5. For expenses that occur more or less frequently than monthly, convert the annual amount to a monthly figure when calculating the monthly budget amount. For example, if your home insurance is paid annually, divide that annual cost by 12 to get the monthly amount.
6. Add the income category and add the expense category.
7. Subtract total expenses from total income to calculate your net income (Income – Expenses = Net income)
8. If your net income is a positive number, good for you! This means that you have money left over at the end of the month after paying your expenses. Use any extra money to pay off your debts and increase your savings. Remember that extra money left in a checking account tends to get spent.
9. If your net income is a negative number, then your expenses are greater than your income and it’s time to make some immediate adjustments to your expenses. You’re living beyond your means, and it’s time to immediately apply some frugal living techniques. View the article “Getting Out of Debt” for more information on paying off your debt.
10. Review and update your budget quarterly (or at least every 6 months) to see if any changes need to be made and to make sure you stay on track. I know this sounds like a lot of updates, but you can see at a glance if anything has changed in the categories and make changes as needed. Your budget will tell you immediately if you are spending more than you should. “Listen” to him carefully and heed his warning if you overspend.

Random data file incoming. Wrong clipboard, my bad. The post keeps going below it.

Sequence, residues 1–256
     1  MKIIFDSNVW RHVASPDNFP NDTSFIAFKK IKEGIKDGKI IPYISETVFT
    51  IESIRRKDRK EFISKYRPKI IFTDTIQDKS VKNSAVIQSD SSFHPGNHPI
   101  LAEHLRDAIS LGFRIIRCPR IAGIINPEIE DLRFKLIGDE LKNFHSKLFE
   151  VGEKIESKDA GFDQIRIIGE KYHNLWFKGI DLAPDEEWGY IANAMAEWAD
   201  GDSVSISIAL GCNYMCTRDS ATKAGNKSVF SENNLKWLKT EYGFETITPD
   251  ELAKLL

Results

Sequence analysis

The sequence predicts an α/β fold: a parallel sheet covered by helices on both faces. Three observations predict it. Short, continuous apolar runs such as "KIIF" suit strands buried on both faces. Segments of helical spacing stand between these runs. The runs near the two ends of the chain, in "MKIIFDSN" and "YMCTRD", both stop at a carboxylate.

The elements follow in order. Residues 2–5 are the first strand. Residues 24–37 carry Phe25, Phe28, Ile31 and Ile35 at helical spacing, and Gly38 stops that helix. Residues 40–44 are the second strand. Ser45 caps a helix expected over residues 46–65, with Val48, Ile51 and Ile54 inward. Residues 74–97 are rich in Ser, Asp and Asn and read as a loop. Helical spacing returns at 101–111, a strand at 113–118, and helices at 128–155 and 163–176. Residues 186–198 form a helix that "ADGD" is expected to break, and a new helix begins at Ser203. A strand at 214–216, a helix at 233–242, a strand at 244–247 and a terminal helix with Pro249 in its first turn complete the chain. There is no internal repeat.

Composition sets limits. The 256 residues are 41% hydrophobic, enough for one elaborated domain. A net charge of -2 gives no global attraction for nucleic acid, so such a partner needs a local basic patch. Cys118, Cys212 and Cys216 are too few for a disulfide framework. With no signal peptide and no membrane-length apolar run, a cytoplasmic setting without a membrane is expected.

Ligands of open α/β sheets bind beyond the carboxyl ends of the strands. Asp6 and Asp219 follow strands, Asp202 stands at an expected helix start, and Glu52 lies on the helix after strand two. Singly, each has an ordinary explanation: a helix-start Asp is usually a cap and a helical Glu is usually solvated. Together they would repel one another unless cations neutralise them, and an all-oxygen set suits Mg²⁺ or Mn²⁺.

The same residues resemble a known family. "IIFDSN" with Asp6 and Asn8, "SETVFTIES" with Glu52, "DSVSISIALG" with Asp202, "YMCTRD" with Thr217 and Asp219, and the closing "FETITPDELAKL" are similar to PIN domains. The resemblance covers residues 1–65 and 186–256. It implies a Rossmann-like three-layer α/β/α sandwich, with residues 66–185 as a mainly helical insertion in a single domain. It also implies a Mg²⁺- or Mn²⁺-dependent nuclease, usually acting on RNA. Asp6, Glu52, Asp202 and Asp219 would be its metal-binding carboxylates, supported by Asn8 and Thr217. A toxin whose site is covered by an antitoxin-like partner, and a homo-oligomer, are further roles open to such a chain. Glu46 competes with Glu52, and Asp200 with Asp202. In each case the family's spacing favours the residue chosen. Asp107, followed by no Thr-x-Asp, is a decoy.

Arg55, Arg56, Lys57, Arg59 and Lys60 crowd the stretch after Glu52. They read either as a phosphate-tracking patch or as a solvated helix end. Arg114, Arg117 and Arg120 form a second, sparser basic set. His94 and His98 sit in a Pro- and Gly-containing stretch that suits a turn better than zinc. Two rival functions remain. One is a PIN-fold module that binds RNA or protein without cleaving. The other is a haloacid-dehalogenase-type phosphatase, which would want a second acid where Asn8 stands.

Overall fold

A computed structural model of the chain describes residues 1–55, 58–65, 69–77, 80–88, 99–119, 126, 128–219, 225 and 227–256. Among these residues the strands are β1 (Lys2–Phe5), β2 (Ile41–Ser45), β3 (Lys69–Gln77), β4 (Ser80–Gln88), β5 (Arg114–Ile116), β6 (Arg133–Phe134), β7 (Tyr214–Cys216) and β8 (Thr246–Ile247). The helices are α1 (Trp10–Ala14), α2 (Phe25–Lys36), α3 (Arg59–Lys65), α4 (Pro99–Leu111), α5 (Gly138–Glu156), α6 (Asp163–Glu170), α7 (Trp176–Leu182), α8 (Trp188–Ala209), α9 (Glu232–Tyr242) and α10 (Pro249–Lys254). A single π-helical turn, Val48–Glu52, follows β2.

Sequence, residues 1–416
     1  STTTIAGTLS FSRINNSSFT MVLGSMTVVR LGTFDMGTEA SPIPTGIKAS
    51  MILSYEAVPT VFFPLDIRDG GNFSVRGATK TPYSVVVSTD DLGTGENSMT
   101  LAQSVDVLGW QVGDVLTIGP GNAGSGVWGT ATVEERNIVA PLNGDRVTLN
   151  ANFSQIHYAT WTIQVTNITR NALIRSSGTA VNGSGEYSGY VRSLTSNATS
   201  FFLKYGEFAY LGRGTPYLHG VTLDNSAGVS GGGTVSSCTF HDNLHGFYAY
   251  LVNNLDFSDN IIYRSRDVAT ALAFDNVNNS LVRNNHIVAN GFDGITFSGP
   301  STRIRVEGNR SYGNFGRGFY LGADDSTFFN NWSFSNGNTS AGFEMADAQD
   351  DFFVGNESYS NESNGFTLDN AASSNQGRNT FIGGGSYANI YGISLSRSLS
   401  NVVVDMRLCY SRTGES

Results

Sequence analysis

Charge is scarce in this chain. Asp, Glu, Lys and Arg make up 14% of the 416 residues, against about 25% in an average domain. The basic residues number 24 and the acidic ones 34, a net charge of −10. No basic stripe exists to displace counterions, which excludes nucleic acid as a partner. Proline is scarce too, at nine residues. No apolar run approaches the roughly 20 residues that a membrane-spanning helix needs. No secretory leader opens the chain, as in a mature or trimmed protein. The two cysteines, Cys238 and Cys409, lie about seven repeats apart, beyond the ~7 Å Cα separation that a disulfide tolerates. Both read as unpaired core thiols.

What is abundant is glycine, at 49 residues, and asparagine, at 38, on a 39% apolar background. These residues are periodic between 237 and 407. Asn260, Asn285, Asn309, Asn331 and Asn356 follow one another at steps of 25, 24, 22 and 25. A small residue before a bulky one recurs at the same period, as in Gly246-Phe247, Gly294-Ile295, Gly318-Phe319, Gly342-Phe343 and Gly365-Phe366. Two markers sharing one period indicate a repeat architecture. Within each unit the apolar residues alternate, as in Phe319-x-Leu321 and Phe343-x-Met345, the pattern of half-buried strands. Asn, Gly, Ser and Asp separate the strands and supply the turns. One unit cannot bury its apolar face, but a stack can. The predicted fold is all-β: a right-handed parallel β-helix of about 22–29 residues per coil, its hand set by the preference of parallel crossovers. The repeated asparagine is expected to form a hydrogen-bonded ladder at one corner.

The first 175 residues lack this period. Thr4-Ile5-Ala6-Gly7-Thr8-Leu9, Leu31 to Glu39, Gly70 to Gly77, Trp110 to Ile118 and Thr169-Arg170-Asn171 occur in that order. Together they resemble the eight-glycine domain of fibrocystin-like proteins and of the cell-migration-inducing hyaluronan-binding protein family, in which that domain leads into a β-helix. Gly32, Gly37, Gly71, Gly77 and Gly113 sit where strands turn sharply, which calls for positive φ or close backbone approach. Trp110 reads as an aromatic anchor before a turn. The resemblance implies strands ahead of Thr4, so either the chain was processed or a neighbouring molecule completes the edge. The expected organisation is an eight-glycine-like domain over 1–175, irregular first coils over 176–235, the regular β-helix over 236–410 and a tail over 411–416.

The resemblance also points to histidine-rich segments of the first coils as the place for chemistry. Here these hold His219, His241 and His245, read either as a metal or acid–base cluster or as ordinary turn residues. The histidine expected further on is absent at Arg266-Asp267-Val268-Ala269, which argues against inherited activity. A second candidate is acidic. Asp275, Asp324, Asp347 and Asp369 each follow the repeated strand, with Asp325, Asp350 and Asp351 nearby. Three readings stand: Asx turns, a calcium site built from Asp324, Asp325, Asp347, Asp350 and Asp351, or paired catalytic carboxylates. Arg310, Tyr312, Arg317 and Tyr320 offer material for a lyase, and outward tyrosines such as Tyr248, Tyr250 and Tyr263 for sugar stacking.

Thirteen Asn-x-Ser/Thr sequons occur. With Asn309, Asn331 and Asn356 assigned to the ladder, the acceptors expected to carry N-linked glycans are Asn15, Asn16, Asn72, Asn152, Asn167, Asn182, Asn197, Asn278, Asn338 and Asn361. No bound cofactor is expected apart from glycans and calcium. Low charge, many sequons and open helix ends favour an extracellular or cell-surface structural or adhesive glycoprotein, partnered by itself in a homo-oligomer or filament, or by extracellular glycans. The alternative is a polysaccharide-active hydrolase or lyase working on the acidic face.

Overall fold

11. Once you’ve completed your budget, it’s time to record your daily expenses to determine where you can cut expenses and control total expenses. Track your expenses, every day, for everything you spend in a month (minimum of 2 weeks). I know this sounds like an incredibly tedious project (and it is), but it works – I promise. At the end of the month, you’ll have a crystal clear picture of where your money REALLY goes and which non-essential expenses you can cut right away to get a positive net income.
If you prefer an online budgeting option, and there are plenty, check out this list of best budgeting software.